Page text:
• Summary
  • Contents
  • Subject index

Measurement Theory in Action: Case Studies and Exercises comprises twenty modules, each corresponding to entire chapters in typical measurement theory texts. The modules begin with introductory concepts and a review of statistics; progress through conceptions of content, criterion-related, and construct validation, validity generalization and test-bias; and conclude with more advanced topics such as multiple regression and item response theory (IRT). Each module is composed of an overview, case studies, exercises, Internet references, and suggested further readings. An extensive glossary of key terms is also provided for quick reference. An Instructor's Resources CD containing exercises and assignments is also available.

Developing Measures of Typical Performance
Developing measures of typical performance

This module is concerned with the development of measures of typical performance. Measures of typical performance are concerned with assessing an individual's typical preferences, or how he or she normally behaves or performs (Cronbach, 1970). Examples of these sorts of measures include personality inventories, attitude surveys, and self-reports of behavior.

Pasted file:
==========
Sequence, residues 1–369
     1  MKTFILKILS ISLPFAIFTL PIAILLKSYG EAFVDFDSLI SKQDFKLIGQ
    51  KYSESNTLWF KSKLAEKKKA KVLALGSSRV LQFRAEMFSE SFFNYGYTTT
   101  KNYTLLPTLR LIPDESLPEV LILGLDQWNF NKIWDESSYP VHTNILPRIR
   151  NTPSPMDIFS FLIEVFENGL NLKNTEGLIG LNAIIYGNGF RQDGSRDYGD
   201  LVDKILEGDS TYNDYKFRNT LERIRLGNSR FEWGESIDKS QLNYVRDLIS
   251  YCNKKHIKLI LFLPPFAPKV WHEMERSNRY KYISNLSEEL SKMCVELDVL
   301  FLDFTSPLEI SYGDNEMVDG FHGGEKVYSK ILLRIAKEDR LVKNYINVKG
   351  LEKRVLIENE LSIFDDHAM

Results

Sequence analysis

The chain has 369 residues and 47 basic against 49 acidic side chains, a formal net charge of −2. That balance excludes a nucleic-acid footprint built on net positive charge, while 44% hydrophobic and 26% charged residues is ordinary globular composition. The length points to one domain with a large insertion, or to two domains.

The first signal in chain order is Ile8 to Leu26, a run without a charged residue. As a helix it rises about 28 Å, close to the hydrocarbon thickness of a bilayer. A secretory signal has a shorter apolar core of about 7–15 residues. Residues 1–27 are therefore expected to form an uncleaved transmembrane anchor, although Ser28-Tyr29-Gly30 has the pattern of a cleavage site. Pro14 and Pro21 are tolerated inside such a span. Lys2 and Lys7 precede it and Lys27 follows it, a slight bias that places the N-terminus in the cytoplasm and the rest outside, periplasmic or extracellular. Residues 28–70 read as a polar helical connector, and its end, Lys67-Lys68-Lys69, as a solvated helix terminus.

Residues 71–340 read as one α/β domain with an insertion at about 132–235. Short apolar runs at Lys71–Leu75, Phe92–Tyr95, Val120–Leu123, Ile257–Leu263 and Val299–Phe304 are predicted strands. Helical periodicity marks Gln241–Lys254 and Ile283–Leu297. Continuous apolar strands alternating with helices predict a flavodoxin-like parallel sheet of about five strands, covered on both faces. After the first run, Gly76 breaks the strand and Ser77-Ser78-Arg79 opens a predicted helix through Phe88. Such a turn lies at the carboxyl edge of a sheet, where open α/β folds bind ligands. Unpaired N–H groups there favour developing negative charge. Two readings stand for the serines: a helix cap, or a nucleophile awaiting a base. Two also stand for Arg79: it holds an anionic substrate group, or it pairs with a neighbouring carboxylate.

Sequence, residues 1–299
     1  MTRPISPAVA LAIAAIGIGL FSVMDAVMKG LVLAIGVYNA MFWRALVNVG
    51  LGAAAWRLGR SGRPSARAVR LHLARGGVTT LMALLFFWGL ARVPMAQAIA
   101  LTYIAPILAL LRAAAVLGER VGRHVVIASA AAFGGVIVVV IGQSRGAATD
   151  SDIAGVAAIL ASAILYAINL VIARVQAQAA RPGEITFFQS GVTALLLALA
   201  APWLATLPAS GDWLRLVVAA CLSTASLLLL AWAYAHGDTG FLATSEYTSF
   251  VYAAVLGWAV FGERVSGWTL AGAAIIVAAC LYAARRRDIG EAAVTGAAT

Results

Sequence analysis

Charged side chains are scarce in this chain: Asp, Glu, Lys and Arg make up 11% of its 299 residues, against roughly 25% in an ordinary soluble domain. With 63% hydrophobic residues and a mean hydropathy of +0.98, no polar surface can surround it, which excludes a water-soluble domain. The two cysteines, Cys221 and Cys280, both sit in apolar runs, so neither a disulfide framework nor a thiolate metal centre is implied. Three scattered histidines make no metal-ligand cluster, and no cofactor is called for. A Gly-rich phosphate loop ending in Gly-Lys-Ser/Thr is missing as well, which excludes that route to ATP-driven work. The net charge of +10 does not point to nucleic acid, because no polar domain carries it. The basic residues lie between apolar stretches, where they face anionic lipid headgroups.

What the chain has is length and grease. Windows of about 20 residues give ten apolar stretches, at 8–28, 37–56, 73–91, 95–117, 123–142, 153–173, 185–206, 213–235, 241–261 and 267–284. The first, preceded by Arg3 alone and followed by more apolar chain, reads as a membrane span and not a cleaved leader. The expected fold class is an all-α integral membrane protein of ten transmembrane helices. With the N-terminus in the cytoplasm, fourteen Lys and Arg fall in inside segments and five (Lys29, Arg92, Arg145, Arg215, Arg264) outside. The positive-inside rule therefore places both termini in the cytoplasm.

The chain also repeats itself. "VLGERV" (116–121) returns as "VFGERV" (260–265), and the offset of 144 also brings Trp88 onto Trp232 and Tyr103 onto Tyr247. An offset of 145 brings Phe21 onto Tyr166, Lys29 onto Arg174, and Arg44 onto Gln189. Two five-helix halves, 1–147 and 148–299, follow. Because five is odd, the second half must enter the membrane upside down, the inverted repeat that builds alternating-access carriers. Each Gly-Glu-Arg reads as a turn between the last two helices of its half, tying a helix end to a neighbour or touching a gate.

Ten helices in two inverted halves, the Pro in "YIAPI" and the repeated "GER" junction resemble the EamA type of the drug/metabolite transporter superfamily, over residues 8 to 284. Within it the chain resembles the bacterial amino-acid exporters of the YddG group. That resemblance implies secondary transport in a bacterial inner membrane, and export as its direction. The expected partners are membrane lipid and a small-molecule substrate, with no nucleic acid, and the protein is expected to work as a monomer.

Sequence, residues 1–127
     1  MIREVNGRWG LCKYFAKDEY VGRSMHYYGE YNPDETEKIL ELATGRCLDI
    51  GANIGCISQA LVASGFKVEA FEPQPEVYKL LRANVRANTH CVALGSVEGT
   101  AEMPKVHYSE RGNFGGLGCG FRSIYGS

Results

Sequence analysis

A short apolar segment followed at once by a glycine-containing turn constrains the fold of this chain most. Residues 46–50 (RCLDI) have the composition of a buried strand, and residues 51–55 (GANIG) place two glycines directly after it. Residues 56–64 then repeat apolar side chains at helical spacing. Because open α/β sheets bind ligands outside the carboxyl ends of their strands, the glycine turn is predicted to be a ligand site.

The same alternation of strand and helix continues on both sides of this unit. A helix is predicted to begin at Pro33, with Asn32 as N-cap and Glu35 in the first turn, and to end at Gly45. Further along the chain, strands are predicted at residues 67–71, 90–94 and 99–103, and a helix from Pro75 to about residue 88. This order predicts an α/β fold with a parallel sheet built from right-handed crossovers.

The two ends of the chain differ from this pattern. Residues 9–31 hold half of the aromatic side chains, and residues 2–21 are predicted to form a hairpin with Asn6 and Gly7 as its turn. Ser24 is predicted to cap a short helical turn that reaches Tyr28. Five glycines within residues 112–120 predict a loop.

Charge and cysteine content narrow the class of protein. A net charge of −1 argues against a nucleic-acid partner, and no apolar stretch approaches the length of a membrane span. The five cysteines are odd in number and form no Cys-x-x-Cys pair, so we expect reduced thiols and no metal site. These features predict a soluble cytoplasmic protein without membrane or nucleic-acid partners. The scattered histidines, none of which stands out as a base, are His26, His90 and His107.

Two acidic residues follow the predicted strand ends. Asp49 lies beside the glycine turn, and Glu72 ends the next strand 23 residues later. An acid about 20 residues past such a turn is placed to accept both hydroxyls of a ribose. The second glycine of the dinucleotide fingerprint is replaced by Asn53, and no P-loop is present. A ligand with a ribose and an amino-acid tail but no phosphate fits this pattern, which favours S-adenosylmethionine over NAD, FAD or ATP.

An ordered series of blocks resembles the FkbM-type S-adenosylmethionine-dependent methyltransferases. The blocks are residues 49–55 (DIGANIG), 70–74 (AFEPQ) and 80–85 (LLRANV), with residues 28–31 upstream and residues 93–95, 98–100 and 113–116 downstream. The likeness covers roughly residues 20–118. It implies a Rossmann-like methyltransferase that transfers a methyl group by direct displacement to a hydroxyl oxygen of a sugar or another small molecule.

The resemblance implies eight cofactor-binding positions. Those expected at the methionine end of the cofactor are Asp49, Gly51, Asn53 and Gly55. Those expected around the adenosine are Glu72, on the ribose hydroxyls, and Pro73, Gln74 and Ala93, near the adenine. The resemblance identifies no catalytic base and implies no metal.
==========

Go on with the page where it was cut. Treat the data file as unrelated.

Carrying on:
A Necessary Forewarning

Did you know that even minor changes in question wording, format, response options, or the ordering of questions can result in major changes in the responses obtained to measures of typical performance? Schwarz (1999) reviewed troubling examples of problems that can occur in survey research. For example, Schuman and Presser (1996) reported that when asked, “What is the most important thing for children to prepare ...

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